NASA's space shuttle fleet will never fly again, but the agency believes it still has plenty to learn from the iconic vehicles.
NASA technicians prepping the grounded shuttles for delivery to museums have been instructed to pull out and hang onto many different pieces, from the windows near the nose to the huge main engines near the orbiters' tails.
Agency engineers will study these parts to help inform development of future spaceships — and some of the hardware may even be used again.
"No other vehicle has had anywhere close to the same number of cycles on a lot of this hardware as the shuttle has," said Jonathan Krezel, who's in charge of the shuttle transition and retirement program at NASA headquarters in Washington, D.C. "Some of this stuff is 25 years old or more. So from the point of view of creating long-duration, survivable space systems in the future, there's a lot of interest."
Making the shuttles "lickable"
The touchdown of Atlantis on July 21 marked the end of NASA's shuttle program after 30 years of operation and 135 space missions. Atlantis and the other two remaining orbiters, Discovery and Endeavour, are headed to museums, where they will teach and inspire the public for years to come.
Atlantis will retire to the Kennedy Space Center Visitor Complex in Florida, Discovery to the Smithsonian Air and Space Museum in Washington, D.C., and Endeavour to Los Angeles' California Science Center.
But the shuttles aren't being ferried straight from the landing strip to the exhibit hall.
All three must undergo a lengthy decommissioning process, much of which is done for safety reasons. Anything that touched rocket fuel — the thruster system inside each shuttle's nose, for example — must be removed and scrubbed clean before it's reattached.
"We're making the vehicle not just safe for trained technicians to walk around, but safe for the public to walk around," Krezel told Space.com. "My favorite phrase is, to make it lickable."
Other parts will be permanently removed because of safety concerns. For example, flight-ready shuttles are studded with small explosive charges that perform various functions, such as deploying landing gear if normal systems fail. These pyrotechnics are all coming off, Krezel said.
But safety is not the only driver in this spaceship stripping. Research is a key factor as well.
Studying the shuttle, piece by piece
During their long operational lives, Endeavour flew 25 space missions, Atlantis 33 and Discovery a record 39.
"The space shuttles are unique in how they were reusable spacecraft. No one has flown the same hardware to space and back so many times before," said space history expert Robert Pearlman, editor of collectSpace.com and a Space.com contributor. "NASA hopes to learn what effects, if any, such reuse has on spacecraft systems so as to apply those lessons to future vehicles."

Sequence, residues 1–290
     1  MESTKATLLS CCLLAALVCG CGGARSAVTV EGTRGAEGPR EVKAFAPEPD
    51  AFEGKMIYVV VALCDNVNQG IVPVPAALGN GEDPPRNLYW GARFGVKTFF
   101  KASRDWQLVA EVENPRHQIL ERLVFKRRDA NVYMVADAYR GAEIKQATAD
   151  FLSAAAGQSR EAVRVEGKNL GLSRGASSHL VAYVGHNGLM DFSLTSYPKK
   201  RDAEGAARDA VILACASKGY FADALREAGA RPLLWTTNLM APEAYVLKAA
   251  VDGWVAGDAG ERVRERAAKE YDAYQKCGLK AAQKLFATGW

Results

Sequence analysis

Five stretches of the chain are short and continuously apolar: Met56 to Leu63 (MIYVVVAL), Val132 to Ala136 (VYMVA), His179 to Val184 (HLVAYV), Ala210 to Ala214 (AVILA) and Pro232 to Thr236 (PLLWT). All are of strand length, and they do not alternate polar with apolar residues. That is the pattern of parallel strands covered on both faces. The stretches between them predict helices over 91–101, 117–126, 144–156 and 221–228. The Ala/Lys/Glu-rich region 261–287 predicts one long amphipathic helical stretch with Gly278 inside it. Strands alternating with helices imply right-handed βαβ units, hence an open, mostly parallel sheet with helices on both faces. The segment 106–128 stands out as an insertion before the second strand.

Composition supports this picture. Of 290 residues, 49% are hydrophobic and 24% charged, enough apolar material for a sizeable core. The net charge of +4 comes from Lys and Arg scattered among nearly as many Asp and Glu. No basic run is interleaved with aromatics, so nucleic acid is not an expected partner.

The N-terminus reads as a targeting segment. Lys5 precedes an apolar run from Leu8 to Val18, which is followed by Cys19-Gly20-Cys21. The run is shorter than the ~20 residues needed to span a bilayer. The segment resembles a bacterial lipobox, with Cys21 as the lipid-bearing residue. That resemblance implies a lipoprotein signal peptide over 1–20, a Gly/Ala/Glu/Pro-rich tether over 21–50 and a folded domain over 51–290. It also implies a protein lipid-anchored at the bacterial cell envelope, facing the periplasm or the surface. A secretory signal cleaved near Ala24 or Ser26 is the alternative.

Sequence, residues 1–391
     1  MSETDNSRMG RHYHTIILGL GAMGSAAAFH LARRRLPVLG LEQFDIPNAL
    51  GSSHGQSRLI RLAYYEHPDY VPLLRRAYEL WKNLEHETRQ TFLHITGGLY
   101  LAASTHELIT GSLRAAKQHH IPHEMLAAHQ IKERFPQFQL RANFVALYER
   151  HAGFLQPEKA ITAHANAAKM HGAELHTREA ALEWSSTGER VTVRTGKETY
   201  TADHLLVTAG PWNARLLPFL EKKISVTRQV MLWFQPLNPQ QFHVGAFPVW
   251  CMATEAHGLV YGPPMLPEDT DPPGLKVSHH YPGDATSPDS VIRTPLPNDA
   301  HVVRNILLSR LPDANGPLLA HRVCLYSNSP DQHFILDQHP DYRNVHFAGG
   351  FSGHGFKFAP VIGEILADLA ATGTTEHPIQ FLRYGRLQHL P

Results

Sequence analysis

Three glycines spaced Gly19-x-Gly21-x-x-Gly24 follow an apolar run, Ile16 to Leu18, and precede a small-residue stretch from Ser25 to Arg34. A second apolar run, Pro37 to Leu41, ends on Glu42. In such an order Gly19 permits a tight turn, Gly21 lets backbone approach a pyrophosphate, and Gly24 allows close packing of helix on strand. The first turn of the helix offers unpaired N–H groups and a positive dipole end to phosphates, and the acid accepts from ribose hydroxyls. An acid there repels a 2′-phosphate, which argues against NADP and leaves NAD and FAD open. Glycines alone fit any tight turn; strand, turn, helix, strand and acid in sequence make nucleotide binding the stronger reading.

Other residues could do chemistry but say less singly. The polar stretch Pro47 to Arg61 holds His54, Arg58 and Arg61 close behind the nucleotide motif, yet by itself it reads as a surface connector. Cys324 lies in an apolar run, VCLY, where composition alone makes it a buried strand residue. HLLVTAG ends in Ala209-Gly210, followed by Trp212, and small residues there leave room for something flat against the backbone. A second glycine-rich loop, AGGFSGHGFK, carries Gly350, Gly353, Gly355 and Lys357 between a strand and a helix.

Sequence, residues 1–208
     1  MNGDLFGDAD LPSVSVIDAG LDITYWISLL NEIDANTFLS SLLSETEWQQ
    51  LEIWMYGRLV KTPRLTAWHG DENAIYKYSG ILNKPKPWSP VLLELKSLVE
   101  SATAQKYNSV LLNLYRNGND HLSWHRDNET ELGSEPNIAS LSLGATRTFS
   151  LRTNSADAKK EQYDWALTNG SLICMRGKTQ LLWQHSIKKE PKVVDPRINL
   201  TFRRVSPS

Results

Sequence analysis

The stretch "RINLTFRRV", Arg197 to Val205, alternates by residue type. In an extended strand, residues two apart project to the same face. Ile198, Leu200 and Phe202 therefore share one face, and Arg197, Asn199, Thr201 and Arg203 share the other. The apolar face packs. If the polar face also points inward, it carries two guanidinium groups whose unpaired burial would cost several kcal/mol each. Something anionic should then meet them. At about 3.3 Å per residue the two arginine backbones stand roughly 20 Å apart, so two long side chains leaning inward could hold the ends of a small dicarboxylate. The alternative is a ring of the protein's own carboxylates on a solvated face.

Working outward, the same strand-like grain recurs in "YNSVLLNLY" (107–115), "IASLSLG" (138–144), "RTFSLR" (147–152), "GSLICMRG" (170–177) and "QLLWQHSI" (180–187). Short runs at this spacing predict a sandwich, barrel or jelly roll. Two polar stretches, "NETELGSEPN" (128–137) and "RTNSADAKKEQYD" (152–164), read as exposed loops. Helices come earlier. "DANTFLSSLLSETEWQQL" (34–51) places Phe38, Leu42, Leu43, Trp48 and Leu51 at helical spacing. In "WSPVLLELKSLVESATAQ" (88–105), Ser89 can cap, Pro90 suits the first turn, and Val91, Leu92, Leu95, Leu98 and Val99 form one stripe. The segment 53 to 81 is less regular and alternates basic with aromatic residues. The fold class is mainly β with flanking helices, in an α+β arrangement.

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So agency engineers have asked technicians to hoard some hardware for research purposes. The list of requests is long and varied, Krezel said, consisting of several thousand line items. (That doesn't necessarily translate into thousands of discrete shuttle parts, however, because many separate line items may describe a single part.)
"A lot of this stuff hasn't been taken off since the vehicles were first built. So it's a dataset that the agency has not had access to, ever," Krezel said. "That's a lot of components. That's valves, that's seals, that's actuators. That's various pieces of plumbing, filters, etc."
The shuttles' space-flown windows will also be removed, Krezel added. Researchers will examine them to determine the extent of micrometeoroid and orbital debris damage. NASA may eventually give the windows to the respective museums after analysis is complete.
The biggest pieces of hardware that NASA will hang onto are the space shuttle main engines, which sit near the orbiters' tails. The agency may incorporate these huge engines into its next-generation heavy-lift rocket, known as the space launch system, Pearlman said.
NASA is considering re-using other shuttle parts, either in ground tests to support future systems or as part of the space-flown systems themselves.
For example, agency engineers have suggested recycling the shuttles' airlocks, Krezel said.
"Maybe you could Tinkertoy that with some other equipment and create some capability," Krezel said. "Those kind of ideas are always very interesting to entertain, but they require some rigorous engineering analysis to see if that makes sense."
Seemingly intact museum showpieces
While NASA wants to make sure it gets as much engineering value as possible out of the shuttles, the agency is also sensitive to the needs of the museums and the needs of history, Krezel said.
To that end, NASA is working closely with each museum to deliver orbiters that are as intact as possible, and that will inspire and educate the public as much as possible, he added.
So the museum displays will not be the equivalent of a half-stripped car on blocks in someone's yard. In fact, most museum visitors will probably not even notice the extent of NASA's tinkering, Pearlman said.
"While some exterior systems will be replaced with replicas — such as the main engines — the casual museum-goer should not be able to tell what was replaced and what remains as original," Pearlman told Space.com in an email interview.
Krezel said NASA is planning to have all of the shuttles decommissioned, prepped and delivered to their respective retirement homes by September 2012.
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